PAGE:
Heaving with laughter, Michael Dobrovolsky – Muscovite by birth, New Yorker by choice – knocks over his glass of merlot. He apologizes for the spill.
“You Brighton Beach only like because it’s exotic,” he says. True. Compared to the fundraiser we’re at, Brighton Beach might as well be Mars.
An hirsute real-estate agent butts in: “Are the Russian bathhouses in Manhattan authentic?” He asks.
“No,” he laughs. “And you don’t want visit an authentic one. It’s a place for men to be men. Everyone naked. Close proximity. Drinking. Shaving each other’s backs.”
Though Dobrovolsky is the first person I speak with at the 15th annual fundraiser for the NYC/NJ chapter of ASHA, a non-profit funding education in India, I can’t get the bathhouse out of my head. Why? Because this tightly-packed fundraiser feels strangely like a bathhouse. Sure, no one’s naked or shaving a colleague’s back, but nonetheless, ASHA supporters share a similar spirit.
As the cocktail hour passes, the room hums. Mumbai businessmen chat with the Keralite hostess. An Anglo New Yorker negotiating with an Indian émigré. A Tamil talks human rights with a woman from L.A. Sweating beneath their saris and blazers, everyone mingles. It’s toasty as a sauna, and packed so that I must elbow my way to the bar. But the white-collar crowd, fresh from cubicles, doesn’t seem to mind. Donating money to good causes, I learn, will do that. It creates fraternity and gives kvetches perspective.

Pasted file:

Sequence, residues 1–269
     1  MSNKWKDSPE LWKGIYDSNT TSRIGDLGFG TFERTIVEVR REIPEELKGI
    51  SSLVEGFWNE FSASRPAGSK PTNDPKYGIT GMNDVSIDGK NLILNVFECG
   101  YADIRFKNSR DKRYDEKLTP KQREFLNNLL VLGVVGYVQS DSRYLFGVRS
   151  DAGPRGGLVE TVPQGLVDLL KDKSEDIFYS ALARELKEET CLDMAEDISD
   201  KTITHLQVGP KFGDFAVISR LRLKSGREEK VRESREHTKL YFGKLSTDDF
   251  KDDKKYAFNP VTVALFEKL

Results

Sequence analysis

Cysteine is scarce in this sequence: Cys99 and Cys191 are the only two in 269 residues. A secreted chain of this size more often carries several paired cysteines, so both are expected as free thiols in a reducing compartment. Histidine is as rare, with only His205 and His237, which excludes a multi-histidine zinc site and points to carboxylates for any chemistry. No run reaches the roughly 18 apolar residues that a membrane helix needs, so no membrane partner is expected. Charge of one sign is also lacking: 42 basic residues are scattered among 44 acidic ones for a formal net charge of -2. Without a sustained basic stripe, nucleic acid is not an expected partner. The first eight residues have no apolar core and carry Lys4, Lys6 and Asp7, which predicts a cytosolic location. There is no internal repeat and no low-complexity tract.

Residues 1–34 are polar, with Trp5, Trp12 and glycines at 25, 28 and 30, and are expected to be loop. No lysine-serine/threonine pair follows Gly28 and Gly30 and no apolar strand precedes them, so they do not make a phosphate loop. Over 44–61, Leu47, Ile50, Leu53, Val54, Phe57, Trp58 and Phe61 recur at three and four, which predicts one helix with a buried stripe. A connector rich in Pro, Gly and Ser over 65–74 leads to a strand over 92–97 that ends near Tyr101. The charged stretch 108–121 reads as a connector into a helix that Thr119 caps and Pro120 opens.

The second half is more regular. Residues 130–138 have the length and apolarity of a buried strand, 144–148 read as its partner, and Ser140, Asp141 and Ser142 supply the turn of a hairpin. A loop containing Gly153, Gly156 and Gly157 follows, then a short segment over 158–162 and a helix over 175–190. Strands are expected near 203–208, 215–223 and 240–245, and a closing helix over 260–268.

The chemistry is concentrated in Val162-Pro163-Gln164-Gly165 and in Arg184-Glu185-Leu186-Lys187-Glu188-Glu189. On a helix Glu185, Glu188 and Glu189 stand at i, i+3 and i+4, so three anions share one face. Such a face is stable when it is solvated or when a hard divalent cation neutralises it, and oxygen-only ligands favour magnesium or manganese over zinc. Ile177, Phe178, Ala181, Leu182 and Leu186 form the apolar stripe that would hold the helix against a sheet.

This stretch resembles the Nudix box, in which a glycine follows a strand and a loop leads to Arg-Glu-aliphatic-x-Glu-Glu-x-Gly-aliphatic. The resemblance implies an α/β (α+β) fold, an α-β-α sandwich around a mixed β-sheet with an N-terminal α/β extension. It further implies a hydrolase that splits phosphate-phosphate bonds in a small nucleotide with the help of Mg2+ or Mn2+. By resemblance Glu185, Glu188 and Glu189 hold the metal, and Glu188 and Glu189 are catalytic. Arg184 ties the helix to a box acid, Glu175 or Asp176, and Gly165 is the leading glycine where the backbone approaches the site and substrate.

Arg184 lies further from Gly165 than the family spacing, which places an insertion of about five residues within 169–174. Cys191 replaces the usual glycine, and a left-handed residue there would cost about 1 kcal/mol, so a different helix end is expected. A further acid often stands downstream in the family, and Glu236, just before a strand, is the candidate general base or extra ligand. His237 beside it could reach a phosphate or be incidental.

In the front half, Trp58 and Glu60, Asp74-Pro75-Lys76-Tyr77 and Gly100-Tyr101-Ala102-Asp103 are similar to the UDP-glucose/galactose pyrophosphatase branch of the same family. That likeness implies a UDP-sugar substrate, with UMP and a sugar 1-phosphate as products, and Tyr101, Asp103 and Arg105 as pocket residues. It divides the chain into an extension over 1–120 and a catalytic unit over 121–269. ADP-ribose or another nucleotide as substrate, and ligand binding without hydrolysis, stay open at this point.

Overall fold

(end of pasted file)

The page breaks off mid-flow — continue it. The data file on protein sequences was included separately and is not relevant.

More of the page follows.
Radiohead’s “National Anthem” rumbles from an upright bassist and tabla duo. I wonder if I’m the only person who knows this song. A caterer shuffles past with a tray of samosas. Another with crimson tandoori chicken. I curse myself for having already eaten.
Suddenly the music fades.
“Ladies and Gentleman,” announces Jinu Mathew, the event’s MC. “If you will please start entering the dining room and find your seats. Dinner is about to be served.”
Cocktails are drained and conversations are closed. A buffet sparkles in the adjacent room. If the opening hour of a fundraiser produces bathhouse etiquette, I can only imagine what the second half holds– when attendees start dropping the serious rupees. And just as suddenly as the 17th floor had filled up, it empties, the crowd evaporating like steam.